Americans are in the midst of a conversation about our national identity. Immigrants play an essential role in this discussion. To promote cultural and civic literacy around the country, the Aspen Institute Citizenship and American Identity Program is sharing the stories of four immigrants living in the US. One participant, Taif Jany, agreed to answer some of our questions and provide a list of things every American should know.
Tell us a little about yourself.
My name is Taif Jany. I am an Iraqi Mandaean and a proud immigrant in the United States. I work at the Young Elected Officials Network, a program of People For the American Way Foundation, providing support to over 1,200 elected officials across the country from all levels of government. I’m also the founder of We the Habibis, an online space dedicated to bridging cultures and building community through food.
What was your journey to the US like?
My journey to the United States has been long, sometimes rough, but incredibly rewarding. I was born and raised in Baghdad and lived there until late 2006. That year, when I was 16 years old, my father was kidnapped on his way home from work. I was forced to flee Iraq with my remaining family and seek refuge in Damascus, Syria, where I lived for almost two years. In 2008 I arrived in the United States as a student and went to Union College where I obtained my Bachelor degree in Sociology and French. This August marks my tenth anniversary living in the US, a country I couldn’t be more proud to call home.
Have you had a moment when you suddenly felt American?
Yes, but interestingly it wasn’t in the United States. When I visited my family in Australia, after 12 years of separation, I felt like an American. Although I’m not a citizen yet, being in a different country made me realize how American I actually am. I believe that throughout my life here I have embodied and cherished this nation’s values of liberty, freedom of religion, justice for all, and the pursuit of happiness. I haven’t seen the diversity that I see in the US replicated anywhere else in the world. To be a representative of America’s diversity abroad always feels very American to me.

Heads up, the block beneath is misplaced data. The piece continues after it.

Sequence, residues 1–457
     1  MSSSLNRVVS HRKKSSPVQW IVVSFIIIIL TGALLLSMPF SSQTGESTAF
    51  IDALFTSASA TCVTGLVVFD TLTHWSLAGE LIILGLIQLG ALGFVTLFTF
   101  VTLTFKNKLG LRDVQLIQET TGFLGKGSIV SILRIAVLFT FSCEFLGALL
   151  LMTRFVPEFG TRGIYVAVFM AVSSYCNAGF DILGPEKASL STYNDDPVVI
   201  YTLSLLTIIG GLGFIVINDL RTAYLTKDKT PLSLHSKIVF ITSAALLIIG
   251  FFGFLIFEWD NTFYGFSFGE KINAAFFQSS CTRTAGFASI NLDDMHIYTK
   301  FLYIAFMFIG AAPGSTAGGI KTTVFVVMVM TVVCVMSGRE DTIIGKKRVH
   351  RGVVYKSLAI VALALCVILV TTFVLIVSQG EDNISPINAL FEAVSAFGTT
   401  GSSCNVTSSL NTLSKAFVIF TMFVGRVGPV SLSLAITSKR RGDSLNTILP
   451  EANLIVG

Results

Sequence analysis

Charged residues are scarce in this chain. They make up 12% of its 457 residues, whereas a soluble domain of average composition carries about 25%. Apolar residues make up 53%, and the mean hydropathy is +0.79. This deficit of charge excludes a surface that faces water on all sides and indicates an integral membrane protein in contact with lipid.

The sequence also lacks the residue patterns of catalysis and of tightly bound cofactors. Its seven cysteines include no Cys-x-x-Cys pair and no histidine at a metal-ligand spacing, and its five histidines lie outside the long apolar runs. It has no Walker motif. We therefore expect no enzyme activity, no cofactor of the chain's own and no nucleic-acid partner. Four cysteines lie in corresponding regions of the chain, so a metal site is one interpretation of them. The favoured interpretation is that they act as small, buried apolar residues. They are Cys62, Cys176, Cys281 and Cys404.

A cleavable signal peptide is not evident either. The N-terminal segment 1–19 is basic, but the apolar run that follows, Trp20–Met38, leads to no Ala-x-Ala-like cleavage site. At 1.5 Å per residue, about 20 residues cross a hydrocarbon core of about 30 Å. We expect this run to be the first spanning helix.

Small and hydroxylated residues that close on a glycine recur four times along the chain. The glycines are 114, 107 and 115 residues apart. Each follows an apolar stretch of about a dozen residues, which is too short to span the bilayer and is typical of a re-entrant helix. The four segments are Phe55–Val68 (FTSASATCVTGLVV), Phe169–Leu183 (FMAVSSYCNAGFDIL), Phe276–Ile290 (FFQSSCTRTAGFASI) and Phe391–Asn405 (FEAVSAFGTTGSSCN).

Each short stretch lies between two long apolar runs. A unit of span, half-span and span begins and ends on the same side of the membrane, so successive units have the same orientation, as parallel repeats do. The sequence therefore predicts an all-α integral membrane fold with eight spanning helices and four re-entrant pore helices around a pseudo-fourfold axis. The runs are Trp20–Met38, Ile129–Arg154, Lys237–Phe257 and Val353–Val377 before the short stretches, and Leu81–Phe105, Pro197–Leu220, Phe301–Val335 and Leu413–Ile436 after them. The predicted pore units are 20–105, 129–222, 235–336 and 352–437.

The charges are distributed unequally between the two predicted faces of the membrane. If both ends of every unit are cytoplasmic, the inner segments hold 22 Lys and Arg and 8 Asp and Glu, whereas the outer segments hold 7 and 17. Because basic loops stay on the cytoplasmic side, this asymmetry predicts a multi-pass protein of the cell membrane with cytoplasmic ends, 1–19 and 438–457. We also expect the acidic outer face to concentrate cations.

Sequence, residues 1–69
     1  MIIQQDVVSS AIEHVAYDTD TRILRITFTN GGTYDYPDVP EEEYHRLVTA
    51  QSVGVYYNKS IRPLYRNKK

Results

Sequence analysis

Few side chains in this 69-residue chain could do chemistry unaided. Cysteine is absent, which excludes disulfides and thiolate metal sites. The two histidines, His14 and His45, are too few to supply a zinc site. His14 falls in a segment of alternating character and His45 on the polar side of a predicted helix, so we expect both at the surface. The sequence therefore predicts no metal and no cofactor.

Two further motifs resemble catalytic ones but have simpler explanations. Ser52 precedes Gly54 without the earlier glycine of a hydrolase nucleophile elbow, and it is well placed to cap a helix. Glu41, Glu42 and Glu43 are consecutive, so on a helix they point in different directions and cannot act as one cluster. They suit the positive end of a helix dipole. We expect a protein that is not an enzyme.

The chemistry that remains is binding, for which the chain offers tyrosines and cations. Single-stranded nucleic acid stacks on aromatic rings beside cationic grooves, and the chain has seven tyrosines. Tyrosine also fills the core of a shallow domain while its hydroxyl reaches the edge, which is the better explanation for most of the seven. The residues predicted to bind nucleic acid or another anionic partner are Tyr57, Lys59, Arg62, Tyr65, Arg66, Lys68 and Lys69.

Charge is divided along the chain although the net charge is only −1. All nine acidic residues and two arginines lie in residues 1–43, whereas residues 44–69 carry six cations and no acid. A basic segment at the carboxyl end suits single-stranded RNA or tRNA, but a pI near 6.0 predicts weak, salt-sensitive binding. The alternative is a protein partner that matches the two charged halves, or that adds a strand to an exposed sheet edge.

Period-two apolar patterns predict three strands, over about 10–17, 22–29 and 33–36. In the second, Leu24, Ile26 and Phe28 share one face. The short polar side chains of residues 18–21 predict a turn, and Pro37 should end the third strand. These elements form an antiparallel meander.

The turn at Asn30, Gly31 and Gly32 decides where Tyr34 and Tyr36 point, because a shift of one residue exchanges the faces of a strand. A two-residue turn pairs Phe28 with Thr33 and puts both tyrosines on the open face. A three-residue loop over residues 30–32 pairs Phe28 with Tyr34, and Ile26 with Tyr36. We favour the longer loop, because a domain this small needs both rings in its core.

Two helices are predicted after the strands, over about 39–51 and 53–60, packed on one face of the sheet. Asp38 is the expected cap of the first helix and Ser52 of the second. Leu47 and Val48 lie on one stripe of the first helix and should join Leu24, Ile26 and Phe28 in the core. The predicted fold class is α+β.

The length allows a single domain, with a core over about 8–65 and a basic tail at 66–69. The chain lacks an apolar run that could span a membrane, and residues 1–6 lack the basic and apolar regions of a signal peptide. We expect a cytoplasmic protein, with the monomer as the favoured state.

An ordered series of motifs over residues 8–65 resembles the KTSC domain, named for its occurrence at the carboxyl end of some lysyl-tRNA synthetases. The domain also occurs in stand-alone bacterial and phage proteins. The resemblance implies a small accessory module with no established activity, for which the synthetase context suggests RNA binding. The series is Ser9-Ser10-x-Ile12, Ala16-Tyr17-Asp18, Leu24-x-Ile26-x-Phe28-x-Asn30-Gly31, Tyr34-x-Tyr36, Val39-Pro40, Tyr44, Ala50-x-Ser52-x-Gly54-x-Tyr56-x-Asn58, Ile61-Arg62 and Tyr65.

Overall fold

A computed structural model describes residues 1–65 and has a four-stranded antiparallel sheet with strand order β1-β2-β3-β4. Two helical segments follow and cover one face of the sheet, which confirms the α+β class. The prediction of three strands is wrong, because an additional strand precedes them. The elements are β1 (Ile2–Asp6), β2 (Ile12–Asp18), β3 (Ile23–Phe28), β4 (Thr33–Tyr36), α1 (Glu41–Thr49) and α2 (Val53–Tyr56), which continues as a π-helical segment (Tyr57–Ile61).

What do you wish other Americans understood about the immigrant experience?
It is crucial to keep in mind that many Americans who live in the United States today came to the country initially as immigrants and were able to obtain their citizenship through hard work, patience, and dedication to America’s core values. Those Americans, with their different and unique journeys, understand the immigrant experience in their own way.
I wish that more American citizens who might not be as familiar with the immigrant experience would be more open to sitting down and talking to immigrants, refugees, and asylees in their communities. I don’t want to generalize, but the majority of immigrants who come to the United States have fled their home countries due to some sort of harsh reality such as war, violence, gender discrimination, racism, economic difficulties, and more. Their stories need to be heard. At the same time, having those conversations is also crucial for immigrants to understand what it is like to be an American and what this country has to offer.
However, the immigrant experience in the United States is also very rewarding. The opportunities that I am able to find through hard work and supportive communities are incredibly fulfilling. This would not be my reality if I had stayed in Iraq.
What are 10 things that you think every American should know?
- The word “habibi”
- The US Invasion of Iraq
- Extreme vetting
- Native Americans
- The #MeToo movement
- Black Lives Matter
- Civil liberties
- Gun violence
What do you think every American should know? You can add your list at www.WhatEveryAmericanShouldKnow.org